David and Bathsheba (film)

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David and Bathsheba
David Bathsheba.jpg
Original film poster
Directed by Henry King
Produced by Darryl F. Zanuck
Written by Philip Dunne
Starring Gregory Peck
Susan Hayward
Raymond Massey
Kieron Moore
James Robertson Justice
Music by Alfred Newman
Edward Powell
Cinematography Leon Shamroy
Edited by Barbara McLean
Distributed by 20th Century-Fox
Release dates
  • August 10, 1951 (1951-08-10)
Running time
123 minutes
Country United States
Language English
Budget $2.17 million[1]
Box office $7.1 million (est. US/ Canada rentals)[2]

David and Bathsheba is a 1951 historical Technicolor epic film about King David made by 20th Century Fox. It was directed by Henry King, produced by Darryl F. Zanuck, from a screenplay by Philip Dunne. The music score was by Alfred Newman and the cinematography by Leon Shamroy. King David was the second king of Israel and this film is based on the second Old Testament book of Samuel from the Bible. Gregory Peck stars as King David and the film follows King David's life as he adjusts to ruling as a King, and about his relationship with Uriah's wife Bathsheba (Susan Hayward). It was shot entirely in Nogales, Arizona. Goliath of Gath was portrayed by a Lithuanian wrestler named Walter Talun.



While Twentieth Century-Fox Film Corp. owned the rights to the 1943 book David written by Duff Cooper, the film is not based on that book. It was, though, the inspiration that led the studio to this film project. The production of the film started on November 24, 1950 and was completed in January 1951 (with some additional material shot in February 1951). The film premiered first in New York City August 14, and later in Los Angeles August 30, before opening wide in September 1951.[3]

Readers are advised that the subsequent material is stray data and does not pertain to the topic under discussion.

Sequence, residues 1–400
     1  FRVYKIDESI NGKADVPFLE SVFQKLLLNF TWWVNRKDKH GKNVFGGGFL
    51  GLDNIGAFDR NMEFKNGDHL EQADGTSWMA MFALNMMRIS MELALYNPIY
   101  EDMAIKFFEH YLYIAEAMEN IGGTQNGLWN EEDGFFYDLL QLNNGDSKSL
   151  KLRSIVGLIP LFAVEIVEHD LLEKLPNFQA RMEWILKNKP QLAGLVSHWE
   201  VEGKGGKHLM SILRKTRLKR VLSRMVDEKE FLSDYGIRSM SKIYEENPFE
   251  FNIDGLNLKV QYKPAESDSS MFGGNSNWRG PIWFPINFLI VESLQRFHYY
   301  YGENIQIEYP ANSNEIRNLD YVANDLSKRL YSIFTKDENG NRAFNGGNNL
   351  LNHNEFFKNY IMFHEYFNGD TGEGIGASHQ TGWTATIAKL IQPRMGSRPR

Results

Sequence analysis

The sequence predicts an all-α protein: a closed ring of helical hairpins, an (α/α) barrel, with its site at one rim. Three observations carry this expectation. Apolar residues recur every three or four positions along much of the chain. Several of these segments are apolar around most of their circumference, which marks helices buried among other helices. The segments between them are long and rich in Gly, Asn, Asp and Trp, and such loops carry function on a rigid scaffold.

The film earned an estimated $7 million at the US box office in 1951, making it the most popular movie of the year.[4]

David and Diana Garland argue that, "Taking remarkable license with the story, the screen writers changed Bathsheba from the one who is ogled by David into David's stalker." They go on to suggest that "the movie David and Bathsheba, written, directed and produced by males, makes the cinematic Bathsheba conform to male fantasies about women."[5]


The film was nominated for five Academy Awards:[6]


  1. ^ Sheldon Hall, Epics, Spectacles, and Blockbusters: A Hollywood History Wayne State University Press, 2010 p 137
  2. ^ "All Time Domestic Champs", Variety, 6 January 1960 p 34
  3. ^ "David and Bathsheba". Retrieved 2006-04-27. 
  4. ^ 'The Top Box Office Hits of 1951', Variety, January 2, 1952
  5. ^ Garland, David E.; Garland, Diana R. "Bathsheba’s Story: Surviving Abuse and Loss" (PDF). Baylor University. Retrieved 11 July 2015. 
  6. ^ "NY Times: David and Bathsheba". NY Times. Retrieved 2008-12-21. 

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